Anselo had his eye on the unconscious Acacia as he asked Lornel to explain what had happened. During the conversation, Enoch was moving the girl around the room—Anselo still wasn’t sure why—and eventually propped her up against a wall. He had positioned himself perfectly to deflect gazes, but Anselo had shifted to keep an eye on the helpless girl. He and he alone had watched as Enoch snapped the girl’s neck. There were plenty of surreal moments in Reynaldo’s keep, but nothing had chilled him so much as watching cold-blooded murder.
He should have acted in the moment, said something, done something, but he was stunned to inaction. And really, what could he have done? If he had attacked Enoch, the rest of the party would have intervened, and in truth, Anselo wasn’t sure he could kill another man anyway. Maybe in defense of himself and his friends, but he wasn’t his sister; he didn’t have that killer instinct and he knew it. So that left what? Accusing Enoch of the crime? They were in the middle of nowhere, far from any sort of authority. Barring that the party decided to just execute Enoch for his crime (unlikely), the only thing an accusation would have accomplished would have been to paint a target on Anselo—murderers don’t typically like witnesses and go to great lengths to eliminate them. Of course, there was a fair chance that Anselo might already be on Enoch’s hit list. He had, after all, attacked Enoch when they first met. Anselo had been entranced by the magical gambling machine—in truth, he could still feel the linger of desire to return to it and throw in another coin—and Enoch, whom he didn’t know, had startled him… or perhaps he was warding off someone who might force him from the machine… it was all hazy now. Either way, Anselo had not been in his right mind. He summoned up the magic and blasted Enoch without hesitation. How were his actions any different from Acacia’s? Did this make him a target for Enoch? Anselo didn’t know and was wary of finding out, so he said nothing, did nothing.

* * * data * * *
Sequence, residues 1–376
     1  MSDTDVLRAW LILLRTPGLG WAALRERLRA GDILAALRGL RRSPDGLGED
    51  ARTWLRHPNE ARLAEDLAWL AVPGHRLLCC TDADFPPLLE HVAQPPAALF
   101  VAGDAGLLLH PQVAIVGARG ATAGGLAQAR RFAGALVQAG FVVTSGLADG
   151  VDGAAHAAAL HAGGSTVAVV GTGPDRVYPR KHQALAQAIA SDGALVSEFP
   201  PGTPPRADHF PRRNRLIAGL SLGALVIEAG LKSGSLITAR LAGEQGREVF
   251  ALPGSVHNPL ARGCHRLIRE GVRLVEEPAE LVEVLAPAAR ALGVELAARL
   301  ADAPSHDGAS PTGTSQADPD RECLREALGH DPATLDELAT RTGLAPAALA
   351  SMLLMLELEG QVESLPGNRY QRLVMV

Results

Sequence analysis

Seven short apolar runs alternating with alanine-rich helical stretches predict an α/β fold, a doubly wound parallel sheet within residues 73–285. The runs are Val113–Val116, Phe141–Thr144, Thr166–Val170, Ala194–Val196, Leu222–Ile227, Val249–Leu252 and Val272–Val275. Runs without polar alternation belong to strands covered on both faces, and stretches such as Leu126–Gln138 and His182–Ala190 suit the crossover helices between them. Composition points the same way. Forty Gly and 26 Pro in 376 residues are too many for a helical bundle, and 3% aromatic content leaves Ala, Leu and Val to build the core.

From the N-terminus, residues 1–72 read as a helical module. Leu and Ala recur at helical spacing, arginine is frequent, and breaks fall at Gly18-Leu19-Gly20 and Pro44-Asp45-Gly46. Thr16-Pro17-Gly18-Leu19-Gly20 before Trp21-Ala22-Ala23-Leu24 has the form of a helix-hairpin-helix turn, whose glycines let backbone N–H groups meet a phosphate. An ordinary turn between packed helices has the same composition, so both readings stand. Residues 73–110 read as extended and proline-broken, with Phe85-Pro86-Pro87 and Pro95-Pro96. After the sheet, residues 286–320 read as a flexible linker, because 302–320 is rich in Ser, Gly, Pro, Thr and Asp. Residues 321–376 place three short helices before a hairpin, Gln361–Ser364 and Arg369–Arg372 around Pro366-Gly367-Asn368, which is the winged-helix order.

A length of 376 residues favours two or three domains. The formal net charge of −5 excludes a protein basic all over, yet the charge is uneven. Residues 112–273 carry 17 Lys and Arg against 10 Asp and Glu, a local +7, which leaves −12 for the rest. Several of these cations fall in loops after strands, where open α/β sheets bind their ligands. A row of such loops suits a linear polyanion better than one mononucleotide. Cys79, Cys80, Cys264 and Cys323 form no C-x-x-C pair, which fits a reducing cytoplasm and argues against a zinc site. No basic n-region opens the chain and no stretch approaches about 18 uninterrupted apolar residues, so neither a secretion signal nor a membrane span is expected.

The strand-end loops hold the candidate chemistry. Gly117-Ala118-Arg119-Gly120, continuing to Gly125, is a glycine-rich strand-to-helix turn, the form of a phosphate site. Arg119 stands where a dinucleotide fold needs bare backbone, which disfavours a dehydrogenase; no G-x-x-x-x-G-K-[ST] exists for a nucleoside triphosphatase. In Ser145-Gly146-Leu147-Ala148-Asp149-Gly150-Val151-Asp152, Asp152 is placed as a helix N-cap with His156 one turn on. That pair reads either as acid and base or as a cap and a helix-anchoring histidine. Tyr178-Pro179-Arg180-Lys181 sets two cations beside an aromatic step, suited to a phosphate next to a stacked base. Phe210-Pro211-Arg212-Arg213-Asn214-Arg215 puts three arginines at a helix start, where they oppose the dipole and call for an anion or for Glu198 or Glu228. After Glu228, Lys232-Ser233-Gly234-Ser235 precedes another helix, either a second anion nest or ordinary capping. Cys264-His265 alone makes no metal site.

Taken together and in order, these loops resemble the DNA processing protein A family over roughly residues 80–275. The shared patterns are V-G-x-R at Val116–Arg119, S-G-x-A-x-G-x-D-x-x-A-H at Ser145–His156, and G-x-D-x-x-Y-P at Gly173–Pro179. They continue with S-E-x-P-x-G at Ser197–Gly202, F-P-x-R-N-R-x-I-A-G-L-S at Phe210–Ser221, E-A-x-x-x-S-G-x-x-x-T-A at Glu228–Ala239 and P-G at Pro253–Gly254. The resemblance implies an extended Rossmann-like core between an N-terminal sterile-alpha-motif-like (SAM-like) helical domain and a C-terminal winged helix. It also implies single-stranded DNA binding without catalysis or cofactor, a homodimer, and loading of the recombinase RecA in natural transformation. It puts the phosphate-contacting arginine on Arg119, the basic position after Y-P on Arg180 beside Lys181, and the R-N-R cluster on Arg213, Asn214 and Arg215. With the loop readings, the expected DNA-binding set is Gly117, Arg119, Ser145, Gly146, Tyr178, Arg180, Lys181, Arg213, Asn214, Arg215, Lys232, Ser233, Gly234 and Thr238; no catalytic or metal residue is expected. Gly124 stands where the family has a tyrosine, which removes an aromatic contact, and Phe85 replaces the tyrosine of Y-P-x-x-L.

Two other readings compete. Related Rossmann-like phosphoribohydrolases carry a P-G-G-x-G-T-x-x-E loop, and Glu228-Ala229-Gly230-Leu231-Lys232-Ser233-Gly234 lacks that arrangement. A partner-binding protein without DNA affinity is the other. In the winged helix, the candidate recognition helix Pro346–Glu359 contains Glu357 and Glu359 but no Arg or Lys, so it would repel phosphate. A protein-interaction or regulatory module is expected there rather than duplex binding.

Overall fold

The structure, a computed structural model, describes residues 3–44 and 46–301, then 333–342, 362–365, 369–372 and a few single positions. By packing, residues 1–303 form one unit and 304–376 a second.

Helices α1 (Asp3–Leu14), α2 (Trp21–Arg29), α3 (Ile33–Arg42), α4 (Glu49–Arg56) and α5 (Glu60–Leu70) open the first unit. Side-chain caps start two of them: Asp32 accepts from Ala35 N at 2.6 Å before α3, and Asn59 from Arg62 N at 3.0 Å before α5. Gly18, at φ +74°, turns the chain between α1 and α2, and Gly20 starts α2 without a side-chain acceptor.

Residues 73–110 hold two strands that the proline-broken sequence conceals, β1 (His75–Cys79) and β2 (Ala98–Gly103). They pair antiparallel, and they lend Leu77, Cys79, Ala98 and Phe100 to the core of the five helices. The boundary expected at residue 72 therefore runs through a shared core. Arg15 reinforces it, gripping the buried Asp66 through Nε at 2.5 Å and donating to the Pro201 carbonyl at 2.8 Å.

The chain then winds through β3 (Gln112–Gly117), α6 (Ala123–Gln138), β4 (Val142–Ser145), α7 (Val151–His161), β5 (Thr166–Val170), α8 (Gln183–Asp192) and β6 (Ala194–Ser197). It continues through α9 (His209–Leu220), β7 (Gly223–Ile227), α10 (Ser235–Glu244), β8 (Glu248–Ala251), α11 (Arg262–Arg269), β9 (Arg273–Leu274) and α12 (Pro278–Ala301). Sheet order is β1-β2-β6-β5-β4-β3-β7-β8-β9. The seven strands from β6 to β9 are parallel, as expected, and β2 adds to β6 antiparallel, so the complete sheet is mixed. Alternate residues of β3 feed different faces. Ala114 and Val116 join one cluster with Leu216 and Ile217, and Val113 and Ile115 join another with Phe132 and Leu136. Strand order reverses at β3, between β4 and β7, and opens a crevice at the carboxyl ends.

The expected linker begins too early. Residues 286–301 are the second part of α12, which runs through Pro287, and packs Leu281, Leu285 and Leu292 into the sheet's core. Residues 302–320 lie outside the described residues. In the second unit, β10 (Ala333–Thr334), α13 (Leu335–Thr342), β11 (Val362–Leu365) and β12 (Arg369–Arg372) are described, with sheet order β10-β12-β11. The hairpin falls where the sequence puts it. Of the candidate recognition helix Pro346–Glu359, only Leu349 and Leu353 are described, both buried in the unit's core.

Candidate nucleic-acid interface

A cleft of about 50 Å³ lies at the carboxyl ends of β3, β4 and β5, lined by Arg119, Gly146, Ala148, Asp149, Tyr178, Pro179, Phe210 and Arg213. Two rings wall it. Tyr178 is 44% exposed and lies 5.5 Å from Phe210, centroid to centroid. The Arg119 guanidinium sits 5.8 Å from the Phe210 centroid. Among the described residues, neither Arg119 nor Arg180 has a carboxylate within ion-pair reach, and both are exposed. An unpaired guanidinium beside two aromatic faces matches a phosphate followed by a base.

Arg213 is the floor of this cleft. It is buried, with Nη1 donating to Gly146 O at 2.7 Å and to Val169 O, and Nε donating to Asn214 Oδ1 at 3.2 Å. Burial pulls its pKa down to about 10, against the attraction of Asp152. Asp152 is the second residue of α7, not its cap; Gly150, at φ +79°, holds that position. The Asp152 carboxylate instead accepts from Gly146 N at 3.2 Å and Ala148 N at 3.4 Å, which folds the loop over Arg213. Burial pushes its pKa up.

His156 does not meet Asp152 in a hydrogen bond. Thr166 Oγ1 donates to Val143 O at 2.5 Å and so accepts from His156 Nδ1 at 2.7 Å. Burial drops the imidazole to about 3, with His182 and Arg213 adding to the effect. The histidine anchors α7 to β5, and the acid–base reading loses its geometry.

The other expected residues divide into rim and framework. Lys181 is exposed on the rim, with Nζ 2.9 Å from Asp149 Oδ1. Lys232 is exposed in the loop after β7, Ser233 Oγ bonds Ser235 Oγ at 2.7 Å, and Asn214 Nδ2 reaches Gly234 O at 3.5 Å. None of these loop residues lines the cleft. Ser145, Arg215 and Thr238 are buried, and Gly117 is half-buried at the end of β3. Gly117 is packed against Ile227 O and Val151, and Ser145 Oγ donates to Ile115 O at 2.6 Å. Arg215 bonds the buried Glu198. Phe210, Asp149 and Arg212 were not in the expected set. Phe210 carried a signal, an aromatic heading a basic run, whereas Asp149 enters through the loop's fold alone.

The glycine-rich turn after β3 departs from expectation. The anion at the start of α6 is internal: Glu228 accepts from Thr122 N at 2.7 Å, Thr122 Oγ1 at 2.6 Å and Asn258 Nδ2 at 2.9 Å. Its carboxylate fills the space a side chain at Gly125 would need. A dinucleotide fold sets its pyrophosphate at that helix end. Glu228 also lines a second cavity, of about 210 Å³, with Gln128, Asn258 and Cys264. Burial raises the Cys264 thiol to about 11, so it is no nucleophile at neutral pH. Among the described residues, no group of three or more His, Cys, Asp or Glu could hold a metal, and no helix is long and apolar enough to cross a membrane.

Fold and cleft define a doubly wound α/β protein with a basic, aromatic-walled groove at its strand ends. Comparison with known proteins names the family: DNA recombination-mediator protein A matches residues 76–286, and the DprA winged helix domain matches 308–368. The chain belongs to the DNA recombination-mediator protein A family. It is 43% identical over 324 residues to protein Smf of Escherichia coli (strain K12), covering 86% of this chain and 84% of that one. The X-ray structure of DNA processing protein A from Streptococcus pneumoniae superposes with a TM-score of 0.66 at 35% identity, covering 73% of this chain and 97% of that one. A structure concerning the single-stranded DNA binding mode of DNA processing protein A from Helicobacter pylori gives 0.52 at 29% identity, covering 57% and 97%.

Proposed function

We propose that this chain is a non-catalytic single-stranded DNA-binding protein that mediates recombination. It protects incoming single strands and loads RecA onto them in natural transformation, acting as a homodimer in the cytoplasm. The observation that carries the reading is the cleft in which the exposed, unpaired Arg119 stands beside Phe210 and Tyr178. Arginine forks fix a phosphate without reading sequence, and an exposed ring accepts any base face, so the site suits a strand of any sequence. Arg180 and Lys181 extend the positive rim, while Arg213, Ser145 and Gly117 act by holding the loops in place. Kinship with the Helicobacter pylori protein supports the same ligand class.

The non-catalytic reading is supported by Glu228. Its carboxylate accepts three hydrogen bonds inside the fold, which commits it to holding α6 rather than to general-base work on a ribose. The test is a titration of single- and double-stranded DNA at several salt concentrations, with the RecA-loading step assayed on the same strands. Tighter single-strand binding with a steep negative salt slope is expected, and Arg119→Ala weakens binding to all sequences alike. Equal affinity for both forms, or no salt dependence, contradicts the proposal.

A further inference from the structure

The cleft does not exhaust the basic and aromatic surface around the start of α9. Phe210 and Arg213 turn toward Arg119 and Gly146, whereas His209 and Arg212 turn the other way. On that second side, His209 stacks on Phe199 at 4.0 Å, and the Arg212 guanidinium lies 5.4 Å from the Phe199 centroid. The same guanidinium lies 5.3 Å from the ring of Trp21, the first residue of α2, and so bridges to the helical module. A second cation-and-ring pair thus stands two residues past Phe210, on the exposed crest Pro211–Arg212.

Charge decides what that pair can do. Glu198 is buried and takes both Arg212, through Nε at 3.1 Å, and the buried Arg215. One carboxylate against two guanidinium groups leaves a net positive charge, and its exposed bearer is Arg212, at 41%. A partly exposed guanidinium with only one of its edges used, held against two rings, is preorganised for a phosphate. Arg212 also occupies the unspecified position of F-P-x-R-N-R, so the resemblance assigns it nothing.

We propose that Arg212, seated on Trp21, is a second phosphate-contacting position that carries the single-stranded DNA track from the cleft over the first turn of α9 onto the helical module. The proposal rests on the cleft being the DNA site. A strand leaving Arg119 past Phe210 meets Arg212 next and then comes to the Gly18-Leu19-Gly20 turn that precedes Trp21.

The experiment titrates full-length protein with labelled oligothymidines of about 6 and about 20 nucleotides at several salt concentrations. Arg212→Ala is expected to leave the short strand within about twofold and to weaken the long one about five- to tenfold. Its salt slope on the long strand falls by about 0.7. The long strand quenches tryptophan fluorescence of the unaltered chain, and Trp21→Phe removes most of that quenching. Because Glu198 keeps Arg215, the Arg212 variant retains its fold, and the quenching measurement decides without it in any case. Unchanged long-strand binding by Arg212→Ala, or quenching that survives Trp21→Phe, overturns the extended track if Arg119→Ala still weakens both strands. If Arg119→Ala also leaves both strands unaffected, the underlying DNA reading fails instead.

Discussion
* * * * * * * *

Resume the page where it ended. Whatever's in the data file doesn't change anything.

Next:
When the opportunity presented itself, he told Lornel what he had witnessed. That seemed strange, even to Anselo; he barely knew the man, if one could even refer to a thael as such. It was because of honor, Anselo decided. Lornel was feeling the bloodthirst while in the keep, he had to be, but he absolutely refused to take human blood, even when freely offered. He kept his vows and it was that kind of honor that Anselo sorely needed on his side. Unfortunately, Lornel had no more idea of what to do in such a situation than Anselo did. They eventually decided to reveal that the girl was dead and feign any knowledge of what had happened. Lornel was uncomfortable with the lie, so it was left to Anselo to do all the talking. Fortunately, Anselo was a fairly skilled liar.
As expected, Enoch pretended to be surprised, but was otherwise calm, collected and ready to move on. Elkarena’s response, however, was not quite what Anselo anticipated. His sister hadn’t liked Acacia, true, but Anselo still expected more of a reaction. At the least, he presumed that she would be curious as to how the girl had died; was it from something in the keep, some new danger they needed to be aware of? Instead, her response had been cold and uncaring, and that at best. At worst, and he hoped he was wrong, Anselo sensed that she was actually pleased that the girl was dead. Acacia was no warrior, that much had been obvious, but she knew how to use a bow and she had used it against their foes on more than one occasion and to good effect. Yes, she was traumatized and yes, it was getting worse, Anselo had to admit that, but until the situation with Enoch, heo was unaware of her doing anything counter to the purposes of the party. Why his sister would be pleased at the death of an ally, even a mildly crazy one, was beyond him and of great concern. He should talk to her about it, he knew—at the least he should make her aware that a murderer was counted among their number—and yet he couldn’t bring himself to do it. She hadn’t cared that Acacia was dead at the time and he wasn’t sure telling her she was murdered would make any difference.
As for Enoch, Anselo was still unsure how to proceed there as well. The man had given no indication of umbrage toward Anselo, had been amiable even. Of course, he was a mercenary in the employee of Hanzi, so it could be that he was biding his time, waiting until they returned to Zroas and his contract was completed. Once Hanzi paid him, then Anselo would be fair game. It was making Anselo paranoid. Even if that were not the case and Enoch had no designs on Anselo’s life, the man couldn’t be trusted. Who knew what slight would set him off? How long would it be before someone else got their neck broken?